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Court Considers Whether Woman Who Joined ISIS As A Teen Is Allowed To Return To U.K.

The eldest sister of Shamima Begum holds her sister's photo in 2015. Begum, who left London to join the Islamic State organization as a teenager, is now trying to return to the U.K. to argue that her British citizenship should not have been revoked.
The eldest sister of Shamima Begum holds her sister's photo in 2015. Begum, who left London to join the Islamic State organization as a teenager, is now trying to return to the U.K. to argue that her British citizenship should not have been revoked.

Britain's Supreme Court is considering whether a woman who left the country to join ISIS as a 15-year-old should be permitted to return to the country to argue that her U.K. citizenship should not have been revoked.

Shamima Begum, now 21, left London with two other schoolgirls in 2015 to join the terrorist group. She is now in a detention camp in northern Syria.

She was found in the camp by a journalist in February 2019, nine months pregnant, and said she wanted to come home. She says she married a Dutch ISIS fighter days after arriving in ISIS territory and that she had earlier given birth to two infants who had died of malnutrition and disease. The third baby later died of pneumonia in the camp.

Begum has not been allowed to return to the U.K., as then-Home Secretary Sajid Javid revoked her British citizenship last year and said Begum had a right to Bangladeshi citizenship through her mother.

But Bangladesh's ministry of foreign affairs said last year that Begum, who was born in the U.K., would not be allowed in Bangladesh and has never applied for citizenship or visited the country.

As NPR has reported, the British Nationality Act of 1981 allows the government to strip Britons of their citizenship if it would be "conducive to the public good" and only if the person would not become stateless as a result.

"I wasn't born in Bangladesh, I've never seen Bangladesh and I don't even speak Bengali properly, so how can they claim I have Bangladeshi citizenship," Begum told the BBC.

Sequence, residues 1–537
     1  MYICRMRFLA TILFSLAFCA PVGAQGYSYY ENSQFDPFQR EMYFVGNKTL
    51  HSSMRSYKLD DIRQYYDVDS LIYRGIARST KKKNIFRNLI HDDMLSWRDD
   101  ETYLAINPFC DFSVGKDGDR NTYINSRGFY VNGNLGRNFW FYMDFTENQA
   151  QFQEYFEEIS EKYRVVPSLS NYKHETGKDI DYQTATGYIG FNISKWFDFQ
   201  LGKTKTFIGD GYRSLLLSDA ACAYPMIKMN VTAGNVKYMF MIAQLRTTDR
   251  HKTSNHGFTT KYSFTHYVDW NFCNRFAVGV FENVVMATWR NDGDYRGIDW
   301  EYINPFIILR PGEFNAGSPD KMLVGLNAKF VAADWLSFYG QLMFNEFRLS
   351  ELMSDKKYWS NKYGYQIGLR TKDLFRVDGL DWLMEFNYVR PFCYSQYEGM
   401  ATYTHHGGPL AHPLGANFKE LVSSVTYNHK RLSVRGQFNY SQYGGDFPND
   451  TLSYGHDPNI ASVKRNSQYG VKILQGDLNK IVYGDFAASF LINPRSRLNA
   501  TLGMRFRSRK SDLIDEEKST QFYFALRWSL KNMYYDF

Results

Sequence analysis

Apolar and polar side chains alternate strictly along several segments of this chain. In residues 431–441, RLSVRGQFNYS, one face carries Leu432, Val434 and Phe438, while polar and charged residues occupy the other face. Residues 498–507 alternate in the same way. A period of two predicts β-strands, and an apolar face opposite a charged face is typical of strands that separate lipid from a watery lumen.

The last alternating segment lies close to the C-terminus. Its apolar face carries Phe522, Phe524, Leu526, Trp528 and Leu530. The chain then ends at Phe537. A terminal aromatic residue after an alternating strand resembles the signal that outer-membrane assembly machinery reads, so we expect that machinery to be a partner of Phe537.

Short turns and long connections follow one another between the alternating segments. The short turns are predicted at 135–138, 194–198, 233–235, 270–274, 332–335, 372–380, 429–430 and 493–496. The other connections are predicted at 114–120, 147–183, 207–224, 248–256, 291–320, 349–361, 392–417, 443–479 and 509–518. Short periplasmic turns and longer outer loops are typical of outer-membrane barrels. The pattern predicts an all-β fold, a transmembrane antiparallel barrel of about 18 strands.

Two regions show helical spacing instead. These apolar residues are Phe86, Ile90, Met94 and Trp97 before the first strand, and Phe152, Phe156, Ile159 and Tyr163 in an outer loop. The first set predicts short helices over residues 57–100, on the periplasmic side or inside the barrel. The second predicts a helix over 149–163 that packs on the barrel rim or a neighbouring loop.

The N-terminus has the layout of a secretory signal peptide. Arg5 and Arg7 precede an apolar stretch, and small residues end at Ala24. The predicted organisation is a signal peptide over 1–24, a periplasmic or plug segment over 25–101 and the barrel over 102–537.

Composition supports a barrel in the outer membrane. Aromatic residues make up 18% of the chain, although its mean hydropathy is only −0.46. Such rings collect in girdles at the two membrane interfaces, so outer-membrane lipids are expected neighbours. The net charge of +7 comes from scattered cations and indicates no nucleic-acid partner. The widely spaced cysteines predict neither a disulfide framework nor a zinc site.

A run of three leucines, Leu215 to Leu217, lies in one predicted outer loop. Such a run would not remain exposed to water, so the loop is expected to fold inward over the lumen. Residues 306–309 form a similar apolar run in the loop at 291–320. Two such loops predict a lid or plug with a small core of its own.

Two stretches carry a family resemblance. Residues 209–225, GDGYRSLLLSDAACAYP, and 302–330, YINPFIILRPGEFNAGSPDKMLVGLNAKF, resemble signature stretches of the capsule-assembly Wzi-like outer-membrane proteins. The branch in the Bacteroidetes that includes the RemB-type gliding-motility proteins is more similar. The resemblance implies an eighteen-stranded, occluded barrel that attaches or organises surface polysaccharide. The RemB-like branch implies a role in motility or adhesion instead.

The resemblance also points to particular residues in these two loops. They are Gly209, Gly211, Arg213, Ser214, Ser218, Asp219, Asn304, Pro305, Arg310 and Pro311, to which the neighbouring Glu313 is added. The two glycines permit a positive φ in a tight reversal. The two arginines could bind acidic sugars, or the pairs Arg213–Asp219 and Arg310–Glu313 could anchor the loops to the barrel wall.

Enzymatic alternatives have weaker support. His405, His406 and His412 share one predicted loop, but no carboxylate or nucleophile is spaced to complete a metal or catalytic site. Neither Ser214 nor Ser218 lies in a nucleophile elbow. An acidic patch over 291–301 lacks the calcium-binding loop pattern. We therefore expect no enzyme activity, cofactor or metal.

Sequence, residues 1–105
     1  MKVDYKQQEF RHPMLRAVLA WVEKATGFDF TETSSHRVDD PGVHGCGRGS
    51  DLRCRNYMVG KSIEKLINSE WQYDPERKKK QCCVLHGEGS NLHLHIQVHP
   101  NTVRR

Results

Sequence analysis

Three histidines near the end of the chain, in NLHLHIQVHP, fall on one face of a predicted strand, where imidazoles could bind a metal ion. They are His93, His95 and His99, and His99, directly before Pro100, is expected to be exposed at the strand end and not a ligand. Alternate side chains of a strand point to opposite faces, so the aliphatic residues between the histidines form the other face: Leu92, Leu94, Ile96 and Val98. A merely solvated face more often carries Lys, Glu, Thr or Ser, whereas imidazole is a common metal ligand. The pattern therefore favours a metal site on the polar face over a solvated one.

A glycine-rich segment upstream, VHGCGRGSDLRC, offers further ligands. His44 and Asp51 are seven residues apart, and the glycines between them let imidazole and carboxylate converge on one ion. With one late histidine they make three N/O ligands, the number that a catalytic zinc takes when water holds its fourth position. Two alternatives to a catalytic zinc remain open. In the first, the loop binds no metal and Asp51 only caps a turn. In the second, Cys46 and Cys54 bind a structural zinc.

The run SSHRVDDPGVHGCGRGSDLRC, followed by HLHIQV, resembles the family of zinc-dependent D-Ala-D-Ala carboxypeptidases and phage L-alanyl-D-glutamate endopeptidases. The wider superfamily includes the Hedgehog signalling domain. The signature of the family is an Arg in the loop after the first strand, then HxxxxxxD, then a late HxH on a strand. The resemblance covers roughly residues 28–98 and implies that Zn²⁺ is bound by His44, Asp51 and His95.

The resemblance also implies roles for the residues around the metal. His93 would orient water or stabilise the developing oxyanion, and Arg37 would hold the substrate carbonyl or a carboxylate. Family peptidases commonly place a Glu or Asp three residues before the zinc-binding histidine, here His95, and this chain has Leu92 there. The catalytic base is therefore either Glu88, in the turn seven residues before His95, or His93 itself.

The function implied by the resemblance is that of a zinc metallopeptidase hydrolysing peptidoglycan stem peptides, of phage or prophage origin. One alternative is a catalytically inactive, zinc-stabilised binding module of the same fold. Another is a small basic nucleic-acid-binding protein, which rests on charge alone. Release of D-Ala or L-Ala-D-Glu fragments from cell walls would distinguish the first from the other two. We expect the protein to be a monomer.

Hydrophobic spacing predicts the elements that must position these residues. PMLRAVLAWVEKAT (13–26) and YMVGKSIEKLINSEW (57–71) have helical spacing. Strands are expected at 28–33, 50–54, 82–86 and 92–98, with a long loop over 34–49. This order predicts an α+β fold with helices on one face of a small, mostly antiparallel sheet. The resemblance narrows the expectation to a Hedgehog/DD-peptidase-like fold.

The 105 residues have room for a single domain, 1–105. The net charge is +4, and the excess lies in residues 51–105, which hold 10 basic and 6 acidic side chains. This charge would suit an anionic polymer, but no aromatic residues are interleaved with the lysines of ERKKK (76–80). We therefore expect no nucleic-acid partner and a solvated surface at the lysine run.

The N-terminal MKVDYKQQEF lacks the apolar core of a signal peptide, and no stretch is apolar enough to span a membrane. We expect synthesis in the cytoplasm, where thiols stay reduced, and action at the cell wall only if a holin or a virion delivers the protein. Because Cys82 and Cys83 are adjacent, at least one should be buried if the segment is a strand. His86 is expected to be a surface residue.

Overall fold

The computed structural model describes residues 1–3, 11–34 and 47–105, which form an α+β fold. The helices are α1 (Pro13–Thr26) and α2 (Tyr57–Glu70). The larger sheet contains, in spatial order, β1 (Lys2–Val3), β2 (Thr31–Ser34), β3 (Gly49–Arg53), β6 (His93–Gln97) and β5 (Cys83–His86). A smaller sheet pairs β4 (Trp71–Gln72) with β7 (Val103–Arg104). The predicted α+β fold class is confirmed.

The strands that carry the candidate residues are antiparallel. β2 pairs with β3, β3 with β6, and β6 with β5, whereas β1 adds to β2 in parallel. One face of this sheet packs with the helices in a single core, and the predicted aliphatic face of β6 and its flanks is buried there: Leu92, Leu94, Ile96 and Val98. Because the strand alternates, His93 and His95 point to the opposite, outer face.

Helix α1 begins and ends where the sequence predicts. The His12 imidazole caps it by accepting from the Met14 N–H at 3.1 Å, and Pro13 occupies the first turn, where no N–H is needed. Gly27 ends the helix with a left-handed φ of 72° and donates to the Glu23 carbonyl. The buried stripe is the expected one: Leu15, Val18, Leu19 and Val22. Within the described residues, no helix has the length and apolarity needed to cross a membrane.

Begum says that stripping her of British citizenship would render her stateless: "I have one citizenship ... and if you take that away from me, I don't have anything. I don't think they are allowed to do that."

She is not able to participate in hearings in her case from the detention camp, so her lawyers are seeking permission for her to return to the U.K. to mount her legal effort to remain British.

An appeals court ruled in July that "given that the only way in which she can have a fair and effective appeal is to be permitted to come into the United Kingdom to pursue her appeal, fairness and justice must, on the facts of this case, outweigh the national security concerns."

But in the government's current appeal, lawyer James Eadie argued to the Supreme Court that Begum "is considered to pose a real and current threat to national security."

The hearing is expected to last two days with a decision coming later.

President Trump has urged European countries to accept Islamic State fighters and hold criminal proceedings in their home countries, as NPR reported. He asked that countries including Britain, France and Germany take in the more than 800 fighters of European origin who joined ISIS and were captured by the U.S. military.

Begum's case could have a wide-reaching impact on other, similar cases.

Two other British-born women, under the code names C3 and C4, also begin their appeals Monday. They had their British citizenship stripped by the current home secretary, Priti Patel.

The United Nations High Commissioner for Human Rights said last year that "Despite the complexity of these challenges, rendering people stateless is never an acceptable option."

Copyright 2021 NPR. To see more, visit https://www.npr.org.